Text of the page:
After such a long journey, I wish I could say that Joseph's brothers welcomed his coming, but such was not the case. In fact, before he even arrived, their jealous hearts had already reached the decision to kill him. I can't help but think of the New Testament book of James, where it says:
- "When his brothers saw that their father loved him more than any of them, they hated him and could not speak a kind word to him." (Genesis 37:4 NIV)
- "Joseph had a dream, and when he told it to his brothers, they hated him all the more." (Genesis 37:5 NIV)
- "His brothers said to him, 'Do you intend to reign over us? Will you actually rule us?' And they hated him all the more because of his dream and what he had said." (Genesis 37:8 NIV)
- "...his brothers were jealous of him..." (Genesis 37.11 NIV)
- "Come now, let's kill him..." (Genesis 37:20 NIV)
The sin of these brothers, now full-grown, is about to give birth to death.
The brothers sarcastically call Joseph "dream expert" or "master of dreams" (v.19), forgetting that at one time, God had used a dream to speak to their own father, Jacob. (Genesis 28:12-15) In that dream, God had confirmed to Jacob that he was the recipient of the promise which God had made to Abraham and passed down through Isaac: God would be with him, and provide for and protect him, would give him numerous descendants, would give him the land, and would bless all nations through him. Surely Jacob must have told his sons of this promise. Whether they realize it or not, when they fight against the things which God reveals, they are fighting against God and are sure to lose.
Of course, just because Joseph had a dream did not mean it was necessarily from God. However, the intensity of the brothers' anger shows me that there is much more going on here than just a 'Dad loves you more than us' type of thing. The real problem seems to be that they do not like the content of Joseph's dream, in which he seems to rule over them. If they were at all aware of spiritual things, they would have submitted to the fact that God seems to have decided to pass the promise which He had made to Abraham, Isaac and Jacob down to Joseph. It did not matter who was going to rule. What mattered was that God's purposes were going to be accomplished. Those purposes are always the best for everyone involved. A spiritually-minded person would have rejoiced to see God's purposes advancing. The brothers' focus upon who was going to be preeminent was much too short-sighted.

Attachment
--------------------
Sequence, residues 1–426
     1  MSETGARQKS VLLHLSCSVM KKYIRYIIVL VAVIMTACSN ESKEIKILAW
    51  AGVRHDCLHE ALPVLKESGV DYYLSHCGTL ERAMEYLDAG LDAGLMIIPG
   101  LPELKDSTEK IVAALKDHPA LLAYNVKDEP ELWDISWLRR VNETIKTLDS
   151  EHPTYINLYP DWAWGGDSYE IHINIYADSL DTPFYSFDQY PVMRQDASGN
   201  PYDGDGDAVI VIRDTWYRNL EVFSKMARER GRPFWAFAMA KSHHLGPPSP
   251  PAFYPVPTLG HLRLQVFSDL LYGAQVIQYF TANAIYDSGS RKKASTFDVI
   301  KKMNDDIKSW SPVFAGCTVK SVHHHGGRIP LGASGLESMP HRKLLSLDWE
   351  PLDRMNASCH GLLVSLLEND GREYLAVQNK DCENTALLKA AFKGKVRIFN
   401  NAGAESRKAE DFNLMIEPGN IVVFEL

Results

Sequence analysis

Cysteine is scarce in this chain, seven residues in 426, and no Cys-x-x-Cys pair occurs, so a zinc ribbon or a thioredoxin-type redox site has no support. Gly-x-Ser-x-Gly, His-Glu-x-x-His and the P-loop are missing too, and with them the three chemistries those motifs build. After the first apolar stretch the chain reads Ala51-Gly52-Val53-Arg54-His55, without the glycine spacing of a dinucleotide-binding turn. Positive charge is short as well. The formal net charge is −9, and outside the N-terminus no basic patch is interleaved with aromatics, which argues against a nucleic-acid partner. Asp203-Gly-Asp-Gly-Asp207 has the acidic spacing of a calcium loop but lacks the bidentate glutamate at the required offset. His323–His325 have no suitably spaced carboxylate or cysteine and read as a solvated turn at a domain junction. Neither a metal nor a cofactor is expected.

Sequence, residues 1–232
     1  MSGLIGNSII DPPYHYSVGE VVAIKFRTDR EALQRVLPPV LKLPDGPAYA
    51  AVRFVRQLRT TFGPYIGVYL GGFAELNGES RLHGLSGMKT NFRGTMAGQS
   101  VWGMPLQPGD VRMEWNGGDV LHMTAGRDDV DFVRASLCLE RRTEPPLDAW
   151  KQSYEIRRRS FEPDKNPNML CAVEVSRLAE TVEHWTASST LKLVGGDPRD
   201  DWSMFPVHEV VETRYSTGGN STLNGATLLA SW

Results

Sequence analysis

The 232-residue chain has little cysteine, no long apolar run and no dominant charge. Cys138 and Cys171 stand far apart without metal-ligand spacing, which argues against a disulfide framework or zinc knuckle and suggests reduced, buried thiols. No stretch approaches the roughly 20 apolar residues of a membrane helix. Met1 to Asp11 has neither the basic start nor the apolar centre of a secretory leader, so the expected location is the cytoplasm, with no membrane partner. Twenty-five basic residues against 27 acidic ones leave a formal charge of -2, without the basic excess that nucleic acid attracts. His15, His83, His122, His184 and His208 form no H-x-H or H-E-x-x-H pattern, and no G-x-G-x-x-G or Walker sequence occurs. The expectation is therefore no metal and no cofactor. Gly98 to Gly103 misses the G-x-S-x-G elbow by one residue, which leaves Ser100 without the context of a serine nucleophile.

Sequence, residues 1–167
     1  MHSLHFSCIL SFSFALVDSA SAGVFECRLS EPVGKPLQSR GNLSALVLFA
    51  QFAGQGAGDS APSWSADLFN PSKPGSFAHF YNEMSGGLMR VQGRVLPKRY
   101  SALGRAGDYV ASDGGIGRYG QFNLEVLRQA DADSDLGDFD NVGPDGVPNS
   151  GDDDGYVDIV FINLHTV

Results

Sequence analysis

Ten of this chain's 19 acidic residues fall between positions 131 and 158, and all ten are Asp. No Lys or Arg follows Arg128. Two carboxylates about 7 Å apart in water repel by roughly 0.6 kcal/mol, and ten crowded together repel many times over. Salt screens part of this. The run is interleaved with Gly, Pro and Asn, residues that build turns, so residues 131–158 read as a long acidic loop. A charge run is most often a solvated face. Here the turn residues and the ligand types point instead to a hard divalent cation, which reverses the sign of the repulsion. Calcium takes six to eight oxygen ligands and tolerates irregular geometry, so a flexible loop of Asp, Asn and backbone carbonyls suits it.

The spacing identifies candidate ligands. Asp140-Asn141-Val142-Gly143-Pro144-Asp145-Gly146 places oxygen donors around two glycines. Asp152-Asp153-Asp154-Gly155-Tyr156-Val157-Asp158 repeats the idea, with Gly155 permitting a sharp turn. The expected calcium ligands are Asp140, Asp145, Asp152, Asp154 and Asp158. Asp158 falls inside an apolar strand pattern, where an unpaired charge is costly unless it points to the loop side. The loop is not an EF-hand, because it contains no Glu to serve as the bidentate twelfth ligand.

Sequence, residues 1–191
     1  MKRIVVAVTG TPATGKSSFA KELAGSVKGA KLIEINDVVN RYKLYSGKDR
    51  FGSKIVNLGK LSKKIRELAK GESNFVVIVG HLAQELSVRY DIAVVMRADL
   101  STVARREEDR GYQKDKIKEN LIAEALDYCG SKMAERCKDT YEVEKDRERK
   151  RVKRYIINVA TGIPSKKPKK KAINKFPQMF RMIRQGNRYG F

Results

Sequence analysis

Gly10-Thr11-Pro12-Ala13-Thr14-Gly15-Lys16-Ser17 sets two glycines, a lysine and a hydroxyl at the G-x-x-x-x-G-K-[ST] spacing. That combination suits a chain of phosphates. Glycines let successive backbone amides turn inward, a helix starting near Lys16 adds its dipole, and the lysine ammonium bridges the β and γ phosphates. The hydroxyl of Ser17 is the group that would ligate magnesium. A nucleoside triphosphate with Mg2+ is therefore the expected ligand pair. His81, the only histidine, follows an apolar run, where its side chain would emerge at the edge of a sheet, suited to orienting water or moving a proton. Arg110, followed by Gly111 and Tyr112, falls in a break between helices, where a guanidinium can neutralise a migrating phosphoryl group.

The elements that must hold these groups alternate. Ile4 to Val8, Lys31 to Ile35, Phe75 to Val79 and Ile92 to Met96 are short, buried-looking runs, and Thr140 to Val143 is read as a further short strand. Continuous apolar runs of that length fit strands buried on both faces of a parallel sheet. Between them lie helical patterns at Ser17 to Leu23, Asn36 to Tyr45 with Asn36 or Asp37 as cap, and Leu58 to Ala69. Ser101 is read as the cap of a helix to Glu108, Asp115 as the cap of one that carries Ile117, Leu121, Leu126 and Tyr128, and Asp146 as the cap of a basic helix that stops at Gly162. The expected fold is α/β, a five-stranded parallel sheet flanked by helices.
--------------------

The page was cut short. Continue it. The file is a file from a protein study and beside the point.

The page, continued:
"When Reuben heard this, he tried to rescue him from their hands. 'Let's not take his life,' he said. 'Don't shed any blood. Throw him into this cistern here in the desert, but don't lay a hand on him.' Reuben said this to rescue him from them and take him back to his father." (Genesis 37:21-22 NIV)
Reuben realizes the murderous intent of the brothers, and that if they begin to abuse Joseph, he will certainly be killed. Instead, he suggests that they throw Joseph into an empty cistern. If he can rescue Joesph later and bring him back safely to their father Jacob, perhaps it will serve to help make up for his prior sin, when he slept with his father's wife, Bilhah. Also, as the oldest, Reuben would have been held responsible for the loss of his father's favorite son.
At first, Reuben's plan seems to be successful: "So when Joseph came to his brothers, they stripped him of his robe -- the richly ornamented robe he was wearing -- and they took him and threw him into the cistern. Now the cistern was empty, there was no water in it." (Genesis 37:23-24 NIV)
Joseph was thrown into a cistern, but God provided for him in that it was empty. He would not drown, and for the moment at least, he was safe from his brothers' wrath. The brothers leave him alone for the moment and go to eat their meal. It may seem that Joseph is in a bad place. But who is really in the pit, spiritually speaking?